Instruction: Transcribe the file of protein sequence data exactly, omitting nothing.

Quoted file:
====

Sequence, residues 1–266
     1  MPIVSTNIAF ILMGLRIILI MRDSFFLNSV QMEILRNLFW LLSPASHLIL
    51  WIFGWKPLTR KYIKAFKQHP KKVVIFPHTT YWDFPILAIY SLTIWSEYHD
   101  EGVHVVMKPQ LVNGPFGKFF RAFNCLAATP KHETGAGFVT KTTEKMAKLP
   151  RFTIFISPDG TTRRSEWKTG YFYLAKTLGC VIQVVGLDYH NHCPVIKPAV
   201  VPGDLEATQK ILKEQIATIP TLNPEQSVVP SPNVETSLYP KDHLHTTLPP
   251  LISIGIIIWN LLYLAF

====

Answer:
Sequence, residues 1–266
     1  MPIVSTNIAF ILMGLRIILI MRDSFFLNSV QMEILRNLFW LLSPASHLIL
    51  WIFGWKPLTR KYIKAFKQHP KKVVIFPHTT YWDFPILAIY SLTIWSEYHD
   101  EGVHVVMKPQ LVNGPFGKFF RAFNCLAATP KHETGAGFVT KTTEKMAKLP
   151  RFTIFISPDG TTRRSEWKTG YFYLAKTLGC VIQVVGLDYH NHCPVIKPAV
   201  VPGDLEATQK ILKEQIATIP TLNPEQSVVP SPNVETSLYP KDHLHTTLPP
   251  LISIGIIIWN LLYLAF